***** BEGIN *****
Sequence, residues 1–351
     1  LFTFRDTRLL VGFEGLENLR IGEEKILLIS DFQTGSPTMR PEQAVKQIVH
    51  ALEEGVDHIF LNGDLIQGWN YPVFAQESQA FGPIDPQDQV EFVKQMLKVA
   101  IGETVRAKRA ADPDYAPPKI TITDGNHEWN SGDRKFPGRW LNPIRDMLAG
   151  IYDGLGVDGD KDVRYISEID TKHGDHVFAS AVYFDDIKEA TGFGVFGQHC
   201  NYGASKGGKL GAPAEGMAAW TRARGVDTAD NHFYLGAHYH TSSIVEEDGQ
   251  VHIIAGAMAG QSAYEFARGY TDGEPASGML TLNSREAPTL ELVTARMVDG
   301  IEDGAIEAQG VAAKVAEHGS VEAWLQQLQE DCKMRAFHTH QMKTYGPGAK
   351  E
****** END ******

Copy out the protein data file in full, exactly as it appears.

Sequence, residues 1–351
     1  LFTFRDTRLL VGFEGLENLR IGEEKILLIS DFQTGSPTMR PEQAVKQIVH
    51  ALEEGVDHIF LNGDLIQGWN YPVFAQESQA FGPIDPQDQV EFVKQMLKVA
   101  IGETVRAKRA ADPDYAPPKI TITDGNHEWN SGDRKFPGRW LNPIRDMLAG
   151  IYDGLGVDGD KDVRYISEID TKHGDHVFAS AVYFDDIKEA TGFGVFGQHC
   201  NYGASKGGKL GAPAEGMAAW TRARGVDTAD NHFYLGAHYH TSSIVEEDGQ
   251  VHIIAGAMAG QSAYEFARGY TDGEPASGML TLNSREAPTL ELVTARMVDG
   301  IEDGAIEAQG VAAKVAEHGS VEAWLQQLQE DCKMRAFHTH QMKTYGPGAK
   351  E